In conclusion, it could be inferred that the bidirectional association between CPD and psychopathological factors might lead to an exacerbation of both conditions, with mechanisms that are only partially known and described. However, a relevant corpus of knowledge supports the need for an integrated approach (physical, psychological, and psychopathological) that takes into account the subjective experience of the single patient from a lifetime perspective. As a consequence, it is necessary to consider the corollary of symptoms that the patient who suffers from a chronic disorder manifests as a unitary corpus, where it is possible to intervene both with medical and psychological science to improve QoL and therefore physical symptoms. In the history of the patient's illness, the weight of psychological variables plays a fundamental and non-negligible role when the doctor's interest is that of treating the patient from a long-term perspective.
The development of therapeutic interventions able to fuse different perspectives into a tailor-made interdisciplinary management approach in a single patient and the development of a quality body of research on the topic are future challenges in order to improve QoL and the subjective well-being of patients with CPD and psychopathological signs and symptoms.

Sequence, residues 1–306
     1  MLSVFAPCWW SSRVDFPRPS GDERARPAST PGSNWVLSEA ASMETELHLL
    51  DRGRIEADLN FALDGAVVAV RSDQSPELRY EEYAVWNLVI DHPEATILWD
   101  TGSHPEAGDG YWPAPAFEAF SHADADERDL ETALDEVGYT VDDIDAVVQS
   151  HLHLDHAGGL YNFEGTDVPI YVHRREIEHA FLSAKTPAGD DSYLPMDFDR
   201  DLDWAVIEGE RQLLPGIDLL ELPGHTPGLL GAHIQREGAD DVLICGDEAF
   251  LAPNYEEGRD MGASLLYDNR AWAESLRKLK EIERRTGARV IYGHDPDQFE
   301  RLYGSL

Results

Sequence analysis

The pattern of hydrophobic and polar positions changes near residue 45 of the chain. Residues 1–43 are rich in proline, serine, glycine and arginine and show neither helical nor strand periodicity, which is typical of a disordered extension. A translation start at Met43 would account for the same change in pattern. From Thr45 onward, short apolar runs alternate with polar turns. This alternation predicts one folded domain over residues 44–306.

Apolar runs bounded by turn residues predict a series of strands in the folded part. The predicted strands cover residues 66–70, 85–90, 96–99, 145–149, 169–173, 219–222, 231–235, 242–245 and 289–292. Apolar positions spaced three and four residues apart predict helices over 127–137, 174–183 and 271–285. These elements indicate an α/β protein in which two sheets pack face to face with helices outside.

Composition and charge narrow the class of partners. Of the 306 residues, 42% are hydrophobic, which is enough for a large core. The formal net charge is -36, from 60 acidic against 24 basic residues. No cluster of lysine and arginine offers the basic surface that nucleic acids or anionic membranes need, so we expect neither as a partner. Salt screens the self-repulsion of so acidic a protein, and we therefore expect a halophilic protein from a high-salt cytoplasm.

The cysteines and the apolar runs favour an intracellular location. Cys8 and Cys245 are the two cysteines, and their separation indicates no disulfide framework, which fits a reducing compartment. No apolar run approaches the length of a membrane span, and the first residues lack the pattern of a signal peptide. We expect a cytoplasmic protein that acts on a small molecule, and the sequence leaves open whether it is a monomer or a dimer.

CC was responsible for writing the entire opinion article, for checking the adequacy of references and of all aspects of layout.
Conflict of Interest
The author declares that the research was conducted in the absence of any commercial or financial relationships that could be construed as a potential conflict of interest.
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Keywords: psychological factors, quality of life, emotional distress, chronic diseases, adherence
Citation: Conversano C (2019) Common Psychological Factors in Chronic Diseases. Front. Psychol. 10:2727. doi: 10.3389/fpsyg.2019.02727
Received: 17 October 2019; Accepted: 18 November 2019;
Published: 06 December 2019.
Edited by:Gabriella Martino, University of Messina, Italy
Reviewed by:Anna Gargiulo, University of Naples Federico II, Italy
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*Correspondence: Ciro Conversano, email@example.com